The Odyssey: Book 12 THE SIRENS; Scylla and Charybdis Words to Own and Words to Know SUMMARY part II: abominably(adv): in an extremely unpleasant or disgusting manner. (pg 916, ln 680) IMAGERY: "... HER LEGS AND THERE ARE TWELVE ARE LIKE GREAT TENTACLES, UN JOINTED, AN DUPON HER SERPENT NECKS ARE BORNE SIX HEADS LIKE NIGHTMARES OF FEROCITY, WITH TRIPLE SERRIED ROWS OF FANGS AND DEEP GULLETS OF BLACK DEATH. (PG 916 ,LN. 682-687) LITERATURE TERMS Odysseus: Courageous, strong, intelligent, a leader, nobel. (PG 920, Ln 772-777), (PG 920, Ln 779-783) Characters: Odysseus and his men have returned to Circe's island. Odysseus seeks Circe for advice on getting home. She tells him that he must first pass by the Sirens, but he cannot listen to them. Then he must choose to sail near the den of Scylla, or Charybdis. Circe tells Odysseus to sail by Scylla, and he will only lose 6 men. Odysseus listens to Circe, and he sets off... Summary, part I: Odysseus tells his men that they need to have their ears covered with beeswax so they can't hear the sirens, but he has his men tie him up so he can listen. Be aware, he hasn't told his men that some of them shall die from Scylla. Once they pass the land of Sirens, Odysseus instructs them towards Scylla's lair. Once they are close enough, Scylla strikes on their crew. Once she has taken her meals, Odysseus's crew keeps sailing. They row on and head for the island of the sun god, Helios. tumult(n): commotion; uproar; confusion. (pg 920, ln 765) ardor(n): passion; enthusiasm. (pg 919, ln 752) cuirass( ): armor for the breast and back. (pg 920, ln 795) insidious( ): crafty; sly. (pg ,ln ) serried( ): crowded together; densely packed. (pg, ln 686 ) maelstrom( ): large, violent whirlpool. (pg 917, ln 702) promontory( ): high land that juts out into a body of water. (pg 917, ln 689) Simile: "... HER LEGS AND THERE ARE TWELVE ARE LIKE GREAT TENTACLES, UN JOINTED, AN DUPON HER SERPENT NECKS ARE BORNE SIX HEADS LIKE NIGHTMARES OF FEROCITY..." (PG 916, LN 682- 685) PERSONIFICATION: "The opposite point seems more a tongue of land..." Harpies(n): monster's who are half-bird half-woman and are greedy for victims. (pg 916, ln 675) whelp's(n): puppies. (pg 916, ln 680) plumb( ): vertical. (pg 919, ln 746) Scylla: Dangerous, crazy, and powerful sea monster. When a boat sails close to Scylla, she takes 6 men, one for each tentacle. (PG 921, Ln 817-818 ) Charybdis: destructive, rude, vandalous sea monster. When a boat sails close to her, she creates a huge whirlpool, killing all men aboard. (PG 917, Ln 695-703) Circe: Minor magic goddess, gives Odysseus choices of passage in the ocean to get back to Ithaca. She is helpful to Odysseus by showing him the safest path to take. (PG 918, Ln 718-721) Circe the sorceress Odysseus Irony: It's ironic that Odysseus is told to sail towards Scylla because it's safer, even though both monsters would kill the sailors. He listens to Circe, but doesn't tell his men their possible fate. Epithet: Whelp's: puppies, "abominably, a newborn whelp's cry," (PG 916, LN 680) Theme: The theme of this book of The Odyssey, is Odysseus struggle to get home. He has to decide which is the better path for his men, and which will get him back to his beloved land Ithaca. He chooses to listen to Circe, and his life and most of his mens' lives are saved. Sirens: Beautiful, dangerous creatures. They lure in men with their seductive songs so that the sailors come into their rocky shores and crash. (PG 916, Ln 660-669) Important Note: Odysseus did not tell his men about their fate with Scylla, because he didn't want them to panic. (PG 920, Ln 790-793) " But as I sent them on toward Scylla, I told them nothing, as they could do nothing, They would have dropped their oars again in panic, to roll for cover under the decking." Important Note: Odysseus covers his mens' ears in beeswax to protect them from the sirens. (PG 919, Ln 745-746) " I carried wax along the line, and laid it thick on their ears." http://collegebasketballtalk.nbcsports.com/2013/04/07/melissa-mccarthy-snl-parody-mike-rice-rutgers-scandal-video/ Coach Kelly coaches her team abominably, but hey,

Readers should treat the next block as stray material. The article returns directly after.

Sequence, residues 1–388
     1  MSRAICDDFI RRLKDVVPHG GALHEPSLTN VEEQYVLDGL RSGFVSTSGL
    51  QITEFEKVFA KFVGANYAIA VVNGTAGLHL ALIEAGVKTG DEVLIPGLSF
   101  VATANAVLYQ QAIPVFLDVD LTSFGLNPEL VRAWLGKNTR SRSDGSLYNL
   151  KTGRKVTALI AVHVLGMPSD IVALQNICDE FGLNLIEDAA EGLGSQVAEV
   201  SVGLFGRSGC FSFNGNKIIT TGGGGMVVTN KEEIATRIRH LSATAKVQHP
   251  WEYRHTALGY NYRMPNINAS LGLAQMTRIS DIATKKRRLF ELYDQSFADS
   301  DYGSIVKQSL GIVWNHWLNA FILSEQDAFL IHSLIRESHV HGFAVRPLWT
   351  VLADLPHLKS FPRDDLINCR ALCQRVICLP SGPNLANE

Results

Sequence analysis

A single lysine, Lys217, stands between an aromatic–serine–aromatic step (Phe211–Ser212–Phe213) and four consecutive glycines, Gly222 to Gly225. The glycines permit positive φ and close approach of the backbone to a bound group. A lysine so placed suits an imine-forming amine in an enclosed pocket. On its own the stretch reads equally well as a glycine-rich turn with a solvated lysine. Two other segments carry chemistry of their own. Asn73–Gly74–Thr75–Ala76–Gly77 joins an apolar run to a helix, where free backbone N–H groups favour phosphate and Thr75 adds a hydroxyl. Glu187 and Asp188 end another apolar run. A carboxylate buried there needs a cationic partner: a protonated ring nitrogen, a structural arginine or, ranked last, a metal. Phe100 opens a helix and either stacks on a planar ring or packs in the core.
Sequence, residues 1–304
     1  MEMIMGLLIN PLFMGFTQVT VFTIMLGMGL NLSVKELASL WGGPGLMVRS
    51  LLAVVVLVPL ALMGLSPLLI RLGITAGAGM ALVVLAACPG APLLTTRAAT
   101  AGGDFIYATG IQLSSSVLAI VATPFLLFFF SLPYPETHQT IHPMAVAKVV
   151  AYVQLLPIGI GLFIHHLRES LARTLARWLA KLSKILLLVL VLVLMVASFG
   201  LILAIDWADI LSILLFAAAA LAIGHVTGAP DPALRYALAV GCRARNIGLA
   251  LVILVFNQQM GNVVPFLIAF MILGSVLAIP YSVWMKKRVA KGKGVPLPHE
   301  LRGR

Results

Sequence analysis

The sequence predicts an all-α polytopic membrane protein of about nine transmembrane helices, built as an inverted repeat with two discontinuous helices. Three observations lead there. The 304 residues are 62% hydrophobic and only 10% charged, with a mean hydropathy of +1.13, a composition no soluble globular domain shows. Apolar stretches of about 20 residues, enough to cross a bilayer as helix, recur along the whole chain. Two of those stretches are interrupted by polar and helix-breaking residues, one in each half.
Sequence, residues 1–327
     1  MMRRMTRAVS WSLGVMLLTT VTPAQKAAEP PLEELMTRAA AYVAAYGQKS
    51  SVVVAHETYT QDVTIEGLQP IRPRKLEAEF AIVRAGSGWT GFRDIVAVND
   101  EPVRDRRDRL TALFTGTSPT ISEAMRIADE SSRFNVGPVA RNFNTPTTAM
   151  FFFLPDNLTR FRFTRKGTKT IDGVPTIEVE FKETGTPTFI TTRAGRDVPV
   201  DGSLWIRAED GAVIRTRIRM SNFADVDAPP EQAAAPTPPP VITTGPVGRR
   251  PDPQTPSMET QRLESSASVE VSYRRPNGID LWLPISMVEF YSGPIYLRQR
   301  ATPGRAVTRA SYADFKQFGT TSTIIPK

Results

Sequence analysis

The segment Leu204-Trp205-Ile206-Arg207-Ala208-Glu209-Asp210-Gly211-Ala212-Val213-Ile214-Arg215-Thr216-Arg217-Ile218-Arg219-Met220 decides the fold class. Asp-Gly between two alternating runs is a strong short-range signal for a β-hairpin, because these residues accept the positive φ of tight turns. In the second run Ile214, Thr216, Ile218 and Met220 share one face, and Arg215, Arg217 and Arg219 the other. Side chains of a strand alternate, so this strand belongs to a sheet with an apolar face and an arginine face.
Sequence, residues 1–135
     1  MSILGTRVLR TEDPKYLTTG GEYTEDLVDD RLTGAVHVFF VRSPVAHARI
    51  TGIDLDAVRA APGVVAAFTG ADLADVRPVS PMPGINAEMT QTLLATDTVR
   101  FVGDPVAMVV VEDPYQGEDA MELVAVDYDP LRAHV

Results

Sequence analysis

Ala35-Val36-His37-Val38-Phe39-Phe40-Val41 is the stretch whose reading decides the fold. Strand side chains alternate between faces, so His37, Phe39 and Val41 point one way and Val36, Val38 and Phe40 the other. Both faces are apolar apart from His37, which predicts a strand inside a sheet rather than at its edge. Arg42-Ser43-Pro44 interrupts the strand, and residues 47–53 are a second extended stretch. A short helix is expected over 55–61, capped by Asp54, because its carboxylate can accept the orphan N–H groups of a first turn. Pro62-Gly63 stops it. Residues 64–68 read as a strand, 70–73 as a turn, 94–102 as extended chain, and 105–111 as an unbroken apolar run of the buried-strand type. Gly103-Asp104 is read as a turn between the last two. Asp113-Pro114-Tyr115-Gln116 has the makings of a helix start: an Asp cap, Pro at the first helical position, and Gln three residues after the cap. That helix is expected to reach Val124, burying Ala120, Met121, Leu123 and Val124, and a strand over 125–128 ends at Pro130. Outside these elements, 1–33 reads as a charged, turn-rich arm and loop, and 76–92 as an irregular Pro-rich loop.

it's obviously their fault since they're toast! spies are trained to be crafty and sly There is always a lot of commotion at parties and concerts crowded puppies Harpy whirlpool What a promontory venue... Men, fetch me my cuirass! That vertical enough for ya? It's a baby, can't get more enthusiastic then that. A peninsula is a "tongue of land" but it isn't really a tongue, just a piece of land that is thin and juts out from a larger piece of land. Charybdis's Vortex The Sirens Scylla " Friends, have we never been in danger before this? More fearsome, is it now, then when the Cyclops penned us in his cave? What power he had! Did I not keep my nerve, and use my wits to find a way out for us?" (920, 772-777) " Odysseus and his men return to Circe's island, where Circe warns him of the perils that await him." (PG 916, summary 1) "Listen with care to this, now, and a god will arm your mind. Square in your ship's path are Sirens, crying beauty to bewitch men coasting by; woe to the innocent who hears that sound! He will not see his lady nor his children in joy, crowding about him, home from sea; the Sirens will sing his mind away on their sweet meadow lolling. There are bones of dead men rotting in a pile beside them and flayed skins shrivel around the spot. Steer wide; keep well to seaward; plug your oarsmen's ears with beeswax kneaded soft; none of the rest should hear that song." (PG 916, Ln 660-672) " They tied me up, then plumb amidships, back to the mast, lashed to the mast, and took themselves again to rowing." (PG 919, 746-748) " That is the den of Scylla, where she yaps abominably, a newborn whelp's cry, though she is huge and monstrous. God or man, no one can look on her in joy. Her legs- and there are twelve- are like great tentacles, unjointed, and upon her serpent necks are borne six heads like nightmares of ferocity, with triple serried rows of fangs and deap gullets of black death." (PG 916, Ln 679-687) " Then Scylla made her strike, whisking six of my best men from the ship." (PG 921, Ln 817-818) " The opposite point seems more a tongue of land you'd touch with a good bowshot, at the narrows. A great wild fig, a shaggy mass of leaves, grows on it, and Charybdis lurks below to swallow down the dark sea tide." (PG 917, Ln 695-699) Three times from dawn to dusk she spews it up and sucks to down again three times, a whirling maelstrom; if you come upon her then the god who makes earth tremble could not save you. (PG 917, Ln 699-703) "Listen with care to this, now, and a god will arm your mind. Square in your ship's path are Sirens, crying beauty to bewitch men coasting by; woe to the innocent who hears that sound!" (PG 916, Ln 660-663) " Sirens weaving a haunting song over the sea we are to shun, she said, and their green shore all sweet with clover; yet she urged that I alone should listen to their song." (PG 918, Ln 723-727) Whelp's are puppies Odysseus's boat between Scylla and Charybdis Study Guide questions: What are the sirens, and what happens to the men that hear them? If you were Odysseus, would you choose to sacrifice six men to Scylla or would you not? Why do you think Odysseus doesn't tell his crew about the peril his men will face with Helio's cattle? Why does Odysseus protect his men from the sirens? Does he do the same to himself? Describe the peril Odysseus faces with Scylla and Charybdis. IS this truly being stuck between "a rock and a hard place?" Do you agree with Odysseus in line 831 that this was the worst suffering he had seen in his travels? Why or why not? Sirens are beautiful femmes that lure men to their island with a seductive song. The men sail to the island and crash into the rocky shore. I would've chosen Scylla if I had been in the same situation because it is the safest for the most men returning home. Although I would have informed my crew of their fate, unlike Odysseus. Odysseus didn't tell his crew because he didn't want them to panic, or to be upset with him. Odysseus lays beeswax over all the oarsmen's ears, but he has his crew tie him up so he can listen. The problem with the path through Scylla and Charybdis is that you cannot fully escape danger. You have to choose where to sail, near Scylla or near Charybdis. Yes, I agree that this must be a horrible suffering because he sat there, knowing his men were going to die, and he couldn't do anything about it.